This government's last full year budget was entirely predictable in parts. But it also threw up a couple of surprises. First, the predictable parts. Finance minister Arun Jaitley's speech spent a fair amount of time on rural schemes, plans to increase farmer incomes, and lots of other announcements for the poor, especially the rural poor. It also made announcements for education, with primary emphasis on SC/ST education through the Eklavya residential schools and some tax relief for medium sized companies with revenues up to Rs 250 crore (The corporate tax rate for them will be 25 per cent as opposed to the 30 per cent for the bigger companies). The long term capital gains tax imposition was also expected.
The fact that the government would slip up on the fiscal deficit target because of the teething troubles in the GST, and the low growth in GDP this year, was also expected. And the government resetting the fiscal glide map for the next financial year had also been predicted by most economists and analysts.
The big announcement, which was also the centerpiece of the Budget speech, was the ambitious healthcare programme that would cover 10 crore families (translating into 50 crore beneficiaries) with a medical insurance of Rs 5 lakh per annum. Officially called the National Health Protection Scheme (and informally dubbed Modicare), this was announced as the biggest healthcare protection scheme in the world.
In essence, it was a Budget whose announcements were squarely aimed at the angry rural constituents who gave the BJP such a scare in rural Gujarat, and whose anger is palpable in the states of Madhya Pradesh and Rajasthan, both currently governed by the BJP and both scheduled for elections this year. More importantly, most of the announcements are expected to appeal to the mass of poor and rural voters who will swing the all important general elections currently scheduled for the middle of next year. (There is some expectation that the government could announce the general elections earlier - in fact, as early as the second half of the current calendar year).
However, a perusal of the expenditure budget does not show any huge allocation increases for agriculture, healthcare or education. Also, the details on how the ambitious healthcare scheme will work are still to be worked out. A much less ambitious scheme for health insurance announced in an earlier budget by the same government has been less than successful. And how soon the new scheme will actually be rolled out is open to question.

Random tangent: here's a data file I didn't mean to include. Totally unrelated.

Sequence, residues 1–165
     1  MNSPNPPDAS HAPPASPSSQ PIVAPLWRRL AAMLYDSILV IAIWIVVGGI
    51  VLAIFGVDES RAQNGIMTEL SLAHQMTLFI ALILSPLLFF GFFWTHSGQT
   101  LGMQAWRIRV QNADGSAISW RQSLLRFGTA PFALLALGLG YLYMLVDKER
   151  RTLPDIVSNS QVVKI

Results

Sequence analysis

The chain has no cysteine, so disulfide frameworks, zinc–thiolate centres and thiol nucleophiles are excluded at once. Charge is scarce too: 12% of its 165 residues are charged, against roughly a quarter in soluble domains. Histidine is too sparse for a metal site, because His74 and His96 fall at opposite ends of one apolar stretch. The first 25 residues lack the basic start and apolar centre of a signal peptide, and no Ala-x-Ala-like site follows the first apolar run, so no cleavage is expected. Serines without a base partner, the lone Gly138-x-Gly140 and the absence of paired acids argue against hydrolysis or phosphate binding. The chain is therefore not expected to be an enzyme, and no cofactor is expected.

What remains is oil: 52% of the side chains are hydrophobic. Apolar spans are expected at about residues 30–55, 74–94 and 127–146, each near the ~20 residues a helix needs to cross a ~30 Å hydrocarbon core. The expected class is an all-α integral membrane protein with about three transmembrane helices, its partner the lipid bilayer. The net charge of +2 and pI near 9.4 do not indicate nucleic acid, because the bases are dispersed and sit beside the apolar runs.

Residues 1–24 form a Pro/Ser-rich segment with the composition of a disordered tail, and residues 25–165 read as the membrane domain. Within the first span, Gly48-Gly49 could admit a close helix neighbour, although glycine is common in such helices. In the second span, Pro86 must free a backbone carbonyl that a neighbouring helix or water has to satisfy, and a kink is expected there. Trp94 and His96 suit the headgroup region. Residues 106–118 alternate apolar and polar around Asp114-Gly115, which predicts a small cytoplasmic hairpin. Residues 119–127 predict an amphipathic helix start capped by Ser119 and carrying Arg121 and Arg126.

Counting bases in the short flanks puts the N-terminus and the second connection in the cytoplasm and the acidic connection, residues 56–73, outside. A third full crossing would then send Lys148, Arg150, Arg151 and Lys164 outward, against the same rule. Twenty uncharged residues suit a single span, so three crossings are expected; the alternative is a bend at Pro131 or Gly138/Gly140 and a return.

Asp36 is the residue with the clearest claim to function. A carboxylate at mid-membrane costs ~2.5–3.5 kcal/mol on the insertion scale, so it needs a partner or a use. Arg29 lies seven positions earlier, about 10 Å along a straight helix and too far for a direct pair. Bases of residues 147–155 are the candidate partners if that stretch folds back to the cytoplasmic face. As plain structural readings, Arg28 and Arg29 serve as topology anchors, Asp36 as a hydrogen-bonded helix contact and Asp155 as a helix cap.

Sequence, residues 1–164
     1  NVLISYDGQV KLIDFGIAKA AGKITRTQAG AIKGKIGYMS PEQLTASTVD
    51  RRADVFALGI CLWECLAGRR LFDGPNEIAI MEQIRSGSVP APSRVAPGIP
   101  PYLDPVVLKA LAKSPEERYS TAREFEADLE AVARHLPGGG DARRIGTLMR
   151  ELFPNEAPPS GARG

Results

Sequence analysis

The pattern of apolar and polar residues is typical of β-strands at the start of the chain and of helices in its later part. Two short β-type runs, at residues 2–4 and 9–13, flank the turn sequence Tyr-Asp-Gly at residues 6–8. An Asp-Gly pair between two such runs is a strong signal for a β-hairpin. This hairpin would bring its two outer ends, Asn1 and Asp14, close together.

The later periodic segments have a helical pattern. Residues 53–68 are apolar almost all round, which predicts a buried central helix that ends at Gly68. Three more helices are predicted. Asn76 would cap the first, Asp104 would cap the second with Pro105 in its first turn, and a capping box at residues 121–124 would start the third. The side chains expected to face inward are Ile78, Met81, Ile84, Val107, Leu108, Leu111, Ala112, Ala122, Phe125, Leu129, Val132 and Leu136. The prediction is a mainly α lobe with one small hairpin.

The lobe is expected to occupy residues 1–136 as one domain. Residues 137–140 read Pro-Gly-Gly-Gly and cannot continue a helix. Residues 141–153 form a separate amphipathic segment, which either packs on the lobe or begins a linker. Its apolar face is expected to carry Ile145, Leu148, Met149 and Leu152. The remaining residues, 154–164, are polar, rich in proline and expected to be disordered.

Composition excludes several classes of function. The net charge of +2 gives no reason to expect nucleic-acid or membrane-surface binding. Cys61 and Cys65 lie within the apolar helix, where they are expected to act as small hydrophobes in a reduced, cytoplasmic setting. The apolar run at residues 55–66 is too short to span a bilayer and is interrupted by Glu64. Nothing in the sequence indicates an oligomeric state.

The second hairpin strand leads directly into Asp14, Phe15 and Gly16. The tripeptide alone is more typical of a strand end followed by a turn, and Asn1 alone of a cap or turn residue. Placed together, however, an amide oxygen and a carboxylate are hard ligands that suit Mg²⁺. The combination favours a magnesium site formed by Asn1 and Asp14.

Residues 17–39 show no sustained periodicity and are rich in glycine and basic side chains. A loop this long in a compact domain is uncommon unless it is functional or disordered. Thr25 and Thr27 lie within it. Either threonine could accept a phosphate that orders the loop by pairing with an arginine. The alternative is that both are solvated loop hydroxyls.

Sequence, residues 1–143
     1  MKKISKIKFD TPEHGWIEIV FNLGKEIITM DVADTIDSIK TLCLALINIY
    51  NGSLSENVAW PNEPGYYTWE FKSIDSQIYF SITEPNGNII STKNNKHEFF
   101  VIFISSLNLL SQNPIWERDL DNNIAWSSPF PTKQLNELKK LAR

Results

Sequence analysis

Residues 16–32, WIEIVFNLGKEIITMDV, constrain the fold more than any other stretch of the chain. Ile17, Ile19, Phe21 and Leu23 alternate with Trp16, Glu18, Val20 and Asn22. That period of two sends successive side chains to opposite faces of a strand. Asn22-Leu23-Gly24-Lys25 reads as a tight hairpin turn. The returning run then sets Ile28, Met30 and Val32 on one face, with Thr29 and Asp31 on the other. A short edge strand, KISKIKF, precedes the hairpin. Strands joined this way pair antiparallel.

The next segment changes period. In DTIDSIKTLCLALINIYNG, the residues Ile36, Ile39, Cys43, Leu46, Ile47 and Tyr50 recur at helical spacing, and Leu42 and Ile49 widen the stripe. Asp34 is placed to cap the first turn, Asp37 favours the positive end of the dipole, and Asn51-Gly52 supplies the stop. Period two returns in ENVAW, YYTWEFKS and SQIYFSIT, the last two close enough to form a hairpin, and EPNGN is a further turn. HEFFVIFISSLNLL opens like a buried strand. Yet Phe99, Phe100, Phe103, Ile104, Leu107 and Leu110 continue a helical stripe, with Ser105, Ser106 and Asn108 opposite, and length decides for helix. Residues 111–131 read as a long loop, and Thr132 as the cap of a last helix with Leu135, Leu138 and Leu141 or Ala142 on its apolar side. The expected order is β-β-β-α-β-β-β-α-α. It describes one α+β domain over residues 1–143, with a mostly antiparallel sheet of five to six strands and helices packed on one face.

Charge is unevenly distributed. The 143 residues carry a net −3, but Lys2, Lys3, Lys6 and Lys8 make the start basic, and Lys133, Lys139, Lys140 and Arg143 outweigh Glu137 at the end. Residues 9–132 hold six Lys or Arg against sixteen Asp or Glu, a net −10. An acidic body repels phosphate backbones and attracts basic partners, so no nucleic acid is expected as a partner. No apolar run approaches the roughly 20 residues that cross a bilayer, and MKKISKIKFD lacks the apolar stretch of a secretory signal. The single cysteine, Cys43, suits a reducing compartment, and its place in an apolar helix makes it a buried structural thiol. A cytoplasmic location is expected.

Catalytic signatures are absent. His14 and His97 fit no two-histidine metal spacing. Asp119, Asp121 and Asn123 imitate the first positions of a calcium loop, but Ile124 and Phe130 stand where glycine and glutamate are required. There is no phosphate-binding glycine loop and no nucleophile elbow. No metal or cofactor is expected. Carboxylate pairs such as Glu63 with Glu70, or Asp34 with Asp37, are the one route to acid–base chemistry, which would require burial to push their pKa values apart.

The finance minister in part answered the question in a post budget interaction on Doordarshan by saying that all schemes do not necessarily require direct budgetary allocations - some are done through other means (read insurers, private healthcare providers for this one).
But there are two questions that crop up after this Budget speech. The first one is that apart from the Ujjwala scheme (which also is being expanded in this budget), this government's execution capabilities on other schemes has been questioned more than once. So what would be the final outcome in terms of benefits reaching the poor of all these big announcements. Number two, in many of the areas, the additional allocation (once you factor in inflation) has been minuscule. Despite the announcements, there is really little in the expenditure budget that gives any indication that the government expects to spend directly and aggressively on sectors such as education, health care or even in increasing farming incomes.
The only announcement that has any direct bearing on farmer incomes is the one about setting the MSP for all crops at 1.5 times the cost of production. That was also the election promise of the BJP in 2014, before it clamped down on MSP in order to cool food inflation. It is an interesting U-turn because the government is now signaling that it will increase MSP even if it means higher inflation. The logical conclusion is that if the inflation goes up, the Reserve Bank of India will not cut interest rates - it may even increase them.
The big disappointment in this budget was that it made no announcements on how it will spur growth (apart from increasing farm incomes through MSP, which will have an effect on increasing consumption). It had no real incentives for increasing private investment in greenfield projects which could both lead to increased manufacturing and create more jobs. It increased import duties on a host of sectors that signaled a return to protectionism. And it had no real answer on how to increase exports.
It gave a sense of Deja vu. It was a budget that was reminiscent of the UPA and its focus on winning elections through sops to the poor rather than focusing on spurring manufacturing and services competitiveness and GDP growth.